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Strategic Choices for the Quebec Left

Canadian Politics

Is it in the interests of progressives to put their energies into the big neoliberal parties, trying to influence them? Or is it better to patiently build an alternative party? Quebec’s autumn political scene offers the occasion to see the fruits of both strategies. On the one hand, the PQ shores up its coalition with trade unionists and progressives for a Free Quebec (SPQLibre). On the otherhand, we have the emergence of a new autonomous party on the Left, as the Union des forces progressistes (UFP) and Option citoyenne (OC) pre-pare for their upcoming fusion.

Internal Coalition Impasse

Our first-past-the-post electoral system does not favour the emergence of new parties. So, the SPQLibre chose to invest its energies in the PQ, with the aim of dislodging the Charest government as rapidly as possible and jump-starting the process that will lead to sovereignty. As Pierre Dubuc put it, “The efforts of SPQLibre are based on the analysis that the PQ’s defeat was due to the fact that the progressive electorate snubbed it in the last election, upset by the party’s neoliberal turn and its lukewarm approach to the national question. Therefore, it is essential to readjust the party in order to bring progressives back to the PQ.”

Dubuc, the principal instigatorof the SPQLibre, threw himself intothe leadership race along with eight other candidates. Until now, the process has been dominated by André Boisclair, an “old youth,” who has been compared to Mario Dumont of the ADQ.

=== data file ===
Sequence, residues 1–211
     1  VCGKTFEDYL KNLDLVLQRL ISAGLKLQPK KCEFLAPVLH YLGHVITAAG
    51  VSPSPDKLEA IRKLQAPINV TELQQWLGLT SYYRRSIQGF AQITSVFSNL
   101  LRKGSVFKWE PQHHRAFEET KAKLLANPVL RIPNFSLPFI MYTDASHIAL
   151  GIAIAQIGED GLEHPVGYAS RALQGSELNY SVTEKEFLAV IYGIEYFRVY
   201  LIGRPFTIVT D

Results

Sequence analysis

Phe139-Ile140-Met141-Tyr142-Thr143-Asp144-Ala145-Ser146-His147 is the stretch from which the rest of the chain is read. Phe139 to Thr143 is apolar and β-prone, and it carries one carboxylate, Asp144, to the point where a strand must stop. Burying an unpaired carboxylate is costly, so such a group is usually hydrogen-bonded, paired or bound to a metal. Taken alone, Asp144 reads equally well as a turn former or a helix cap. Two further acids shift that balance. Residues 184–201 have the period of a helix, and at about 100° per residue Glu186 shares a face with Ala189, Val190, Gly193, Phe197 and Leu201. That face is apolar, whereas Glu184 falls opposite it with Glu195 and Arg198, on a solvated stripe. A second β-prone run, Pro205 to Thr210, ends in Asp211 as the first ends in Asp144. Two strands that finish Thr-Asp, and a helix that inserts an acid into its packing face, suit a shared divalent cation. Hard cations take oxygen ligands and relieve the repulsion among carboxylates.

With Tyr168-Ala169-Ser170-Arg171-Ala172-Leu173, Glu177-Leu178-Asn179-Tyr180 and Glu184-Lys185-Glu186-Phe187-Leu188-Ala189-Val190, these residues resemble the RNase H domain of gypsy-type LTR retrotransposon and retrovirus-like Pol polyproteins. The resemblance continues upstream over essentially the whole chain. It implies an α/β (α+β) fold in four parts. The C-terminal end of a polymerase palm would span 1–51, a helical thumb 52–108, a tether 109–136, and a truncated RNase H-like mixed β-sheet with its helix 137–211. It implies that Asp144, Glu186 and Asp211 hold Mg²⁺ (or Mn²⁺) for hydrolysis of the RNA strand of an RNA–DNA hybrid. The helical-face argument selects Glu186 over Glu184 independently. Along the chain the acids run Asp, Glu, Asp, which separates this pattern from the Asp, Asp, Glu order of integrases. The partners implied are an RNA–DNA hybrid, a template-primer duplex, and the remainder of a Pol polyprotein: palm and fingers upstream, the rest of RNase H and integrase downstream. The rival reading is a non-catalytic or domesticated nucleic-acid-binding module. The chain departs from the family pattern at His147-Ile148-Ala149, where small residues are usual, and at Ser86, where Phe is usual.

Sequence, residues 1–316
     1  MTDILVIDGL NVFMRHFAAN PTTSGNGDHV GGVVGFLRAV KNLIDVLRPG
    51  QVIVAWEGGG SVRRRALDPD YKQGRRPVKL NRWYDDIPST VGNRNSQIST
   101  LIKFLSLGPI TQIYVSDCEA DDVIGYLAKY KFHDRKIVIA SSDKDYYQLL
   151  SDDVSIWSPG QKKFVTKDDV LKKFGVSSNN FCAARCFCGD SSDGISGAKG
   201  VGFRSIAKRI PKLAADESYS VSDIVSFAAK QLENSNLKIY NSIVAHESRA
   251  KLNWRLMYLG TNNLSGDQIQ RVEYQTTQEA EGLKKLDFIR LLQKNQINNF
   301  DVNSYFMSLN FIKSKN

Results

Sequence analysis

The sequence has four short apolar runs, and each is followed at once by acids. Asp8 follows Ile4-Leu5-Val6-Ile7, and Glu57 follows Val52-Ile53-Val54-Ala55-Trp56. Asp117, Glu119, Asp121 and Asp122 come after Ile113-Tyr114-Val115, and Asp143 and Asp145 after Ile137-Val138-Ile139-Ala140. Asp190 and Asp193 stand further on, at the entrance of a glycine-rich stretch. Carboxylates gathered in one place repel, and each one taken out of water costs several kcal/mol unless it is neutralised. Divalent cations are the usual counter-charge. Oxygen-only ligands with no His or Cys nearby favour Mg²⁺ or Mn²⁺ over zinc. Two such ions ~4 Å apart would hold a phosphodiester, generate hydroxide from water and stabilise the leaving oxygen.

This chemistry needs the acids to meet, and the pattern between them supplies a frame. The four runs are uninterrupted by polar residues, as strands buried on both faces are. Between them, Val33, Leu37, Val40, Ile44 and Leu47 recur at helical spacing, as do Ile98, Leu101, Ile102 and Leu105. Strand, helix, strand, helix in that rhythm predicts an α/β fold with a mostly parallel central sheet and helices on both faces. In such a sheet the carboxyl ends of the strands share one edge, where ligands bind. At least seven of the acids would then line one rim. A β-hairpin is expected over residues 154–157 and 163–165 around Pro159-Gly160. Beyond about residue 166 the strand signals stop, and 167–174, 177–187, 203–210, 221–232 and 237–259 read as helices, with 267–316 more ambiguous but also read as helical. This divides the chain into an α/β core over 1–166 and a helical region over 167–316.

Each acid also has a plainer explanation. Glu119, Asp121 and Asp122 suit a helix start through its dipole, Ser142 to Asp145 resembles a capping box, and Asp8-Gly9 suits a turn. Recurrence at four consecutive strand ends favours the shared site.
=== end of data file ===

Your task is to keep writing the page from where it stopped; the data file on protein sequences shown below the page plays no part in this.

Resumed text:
At last June’s congress, the PQ officially recognized the SPQLibre because it wanted to present itself as a party able to bring all sovereigntists into their ranks. Unfortunately, this recognition may turn out to be a sand trap for SPQLibre members, who risk making few gains while nevertheless sprucing up the PQ’s image.

Progressives have their eyes trained on the UFP and Option Citoyenne, whose upcoming fusion will accentuate the problems within the PQ. The PQ leadership candidates have already publicly debated whether or not to attempt an alliance with this new party.

Building a Broad-Based Progressive Party

UFP and Option Citoyenne members have already ratified several agreements about the statutes and functions of the future party in relation to economics, ecology and feminist values. At the moment of writing, Option Citoyenne is preparing to adopt its position on the national question, a necessary step in the process of unification.

In the meantime, the UFP has begun preparatory organizing for the upcoming provincial by-electionsin the ridings of Outremont and Verchères. A third riding, Sainte-Marie-Saint-Jacques, could be added in the coming weeks. Omar Aktouf, the well respected professor from the École des hautes études commerciales (HEC) and UFP candidate in Outremont (supported by Option Citoyenne), has started to make headlines by calling for a tax on oil profits. In contrast with the PQ, which favours a marketing approach to “sell” sovereignty to Quebecers, progressives put the emphasis on participatory democracy through suchmechanisms as creating a consti-tuent assembly. In the latter sphere, popular mobilization has the advantages both of linking independence to social struggles and of offering a better protection against attempts to destabilize the process. At this point, the priority of the Left is to strengthen its roots within the population.

If the Left envisions eventual strategic alliances with other parties– even the PQ – it must be on the basis of its own strategy. But the Left must never renounce its independence by trying to work “on the inside” with conservatives or neoliberals. This independence of the Left, despite appearances to the contrary, is the quickest route to independence for a progressive Quebec.

This article appeared in the November/December 2005 issue of Canadian Dimension (Will the WTO Survive Hong Kong?).


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